Bank of Canada Halves Overnight Money Target

March 3, 2009

Canadian monetary officials reduced their overnight money rate target by 50 basis points to 0.5%, hinted that more rate cuts are likely, and pre-announced that the semi-annual Monetary Policy Report, due April 23rd, will outline a framework for the possible use of credit and quantitative stimulus. Analysts had been divided over whether officials would ease by 25 or 50 basis points.

The statement released by the central bank today gave the following reasons to justify the further rate cut, which follows reductions of 150 basis points from December 2007 to April 2008 and then cuts of 50 bps last October 8, 25 bps on October 21, 75 bps on December 9th and 50 bps on January 20th.

  1. A slight downward revision in the projected path of core inflation.
  2. Another downward revision in expected Canadian growth.
  3. A larger excess in the first half of 2009 in aggregate supply over aggregate demand than had been imagined.
  4. The possibility that this so-called output gap may not begin to shrink until early 2010 because of potential delays in stabilizing global financial markets and larger-than-assumed negative confidence and wealth effects on aggregate demand.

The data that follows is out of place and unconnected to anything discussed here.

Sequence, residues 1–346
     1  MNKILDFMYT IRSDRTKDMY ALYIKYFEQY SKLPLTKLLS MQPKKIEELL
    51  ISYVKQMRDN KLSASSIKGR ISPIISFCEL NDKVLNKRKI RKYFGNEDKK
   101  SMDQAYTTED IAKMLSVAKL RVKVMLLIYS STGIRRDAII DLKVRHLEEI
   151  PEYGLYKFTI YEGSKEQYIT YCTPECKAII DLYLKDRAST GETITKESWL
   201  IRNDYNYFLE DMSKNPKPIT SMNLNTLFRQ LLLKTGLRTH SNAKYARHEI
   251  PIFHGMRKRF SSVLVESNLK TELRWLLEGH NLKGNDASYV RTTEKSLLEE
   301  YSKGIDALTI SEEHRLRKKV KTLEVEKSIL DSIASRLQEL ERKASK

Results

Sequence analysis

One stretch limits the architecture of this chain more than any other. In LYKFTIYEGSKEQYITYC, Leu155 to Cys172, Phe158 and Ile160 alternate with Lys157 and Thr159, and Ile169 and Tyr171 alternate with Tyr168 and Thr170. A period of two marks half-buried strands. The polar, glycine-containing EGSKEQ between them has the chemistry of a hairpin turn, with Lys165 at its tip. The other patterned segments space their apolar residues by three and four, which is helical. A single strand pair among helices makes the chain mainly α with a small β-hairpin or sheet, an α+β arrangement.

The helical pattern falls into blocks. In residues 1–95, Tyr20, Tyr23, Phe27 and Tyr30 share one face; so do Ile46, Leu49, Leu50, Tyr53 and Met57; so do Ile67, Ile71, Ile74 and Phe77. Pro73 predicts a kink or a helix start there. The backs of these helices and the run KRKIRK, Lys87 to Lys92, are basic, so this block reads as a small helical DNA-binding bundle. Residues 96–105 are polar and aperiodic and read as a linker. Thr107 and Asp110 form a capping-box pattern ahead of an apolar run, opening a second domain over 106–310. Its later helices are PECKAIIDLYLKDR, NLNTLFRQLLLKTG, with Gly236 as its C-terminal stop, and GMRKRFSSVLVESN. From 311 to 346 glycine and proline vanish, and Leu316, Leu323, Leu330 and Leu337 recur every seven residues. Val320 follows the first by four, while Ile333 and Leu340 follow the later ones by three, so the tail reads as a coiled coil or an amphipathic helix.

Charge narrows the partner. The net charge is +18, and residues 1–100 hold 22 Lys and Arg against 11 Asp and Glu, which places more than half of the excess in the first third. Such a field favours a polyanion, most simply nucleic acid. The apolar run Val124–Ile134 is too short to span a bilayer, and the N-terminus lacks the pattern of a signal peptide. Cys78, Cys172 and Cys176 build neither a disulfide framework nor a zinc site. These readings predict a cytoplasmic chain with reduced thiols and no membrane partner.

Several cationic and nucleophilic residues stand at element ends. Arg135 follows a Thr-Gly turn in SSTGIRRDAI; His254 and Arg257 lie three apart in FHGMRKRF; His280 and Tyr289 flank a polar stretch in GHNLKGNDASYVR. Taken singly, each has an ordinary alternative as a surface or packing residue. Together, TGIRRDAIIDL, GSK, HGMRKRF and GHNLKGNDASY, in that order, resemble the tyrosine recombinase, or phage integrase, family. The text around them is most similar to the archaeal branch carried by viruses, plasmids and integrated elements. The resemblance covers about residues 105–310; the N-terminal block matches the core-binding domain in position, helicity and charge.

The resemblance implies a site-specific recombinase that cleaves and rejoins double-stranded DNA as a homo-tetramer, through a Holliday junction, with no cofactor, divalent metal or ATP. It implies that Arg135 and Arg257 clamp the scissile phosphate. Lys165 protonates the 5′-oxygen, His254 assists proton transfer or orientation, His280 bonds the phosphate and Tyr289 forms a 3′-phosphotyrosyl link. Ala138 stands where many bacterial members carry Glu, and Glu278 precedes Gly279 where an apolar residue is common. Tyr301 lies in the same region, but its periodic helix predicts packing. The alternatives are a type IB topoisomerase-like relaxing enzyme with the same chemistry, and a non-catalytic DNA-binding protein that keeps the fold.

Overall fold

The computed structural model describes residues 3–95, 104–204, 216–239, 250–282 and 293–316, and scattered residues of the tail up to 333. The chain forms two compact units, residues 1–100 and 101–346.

5. A still-deteriorating global economy.

Although officials anticipate a sharper recovery in Canada than many other industrialized economies, the statement promises not to tighten monetary policy until clear evidence of a reversal of the output gap emerges.  In the inflation forecasting model used by the central bank, excess supply is associated with falling inflation, and excess demand correlates with rising inflation.

The next Bank of Canada interest rate announcement is scheduled for April 21st.

Copyright 2009 Larry Greenberg.  All rights reserved.  No secondary distribution without express permission.



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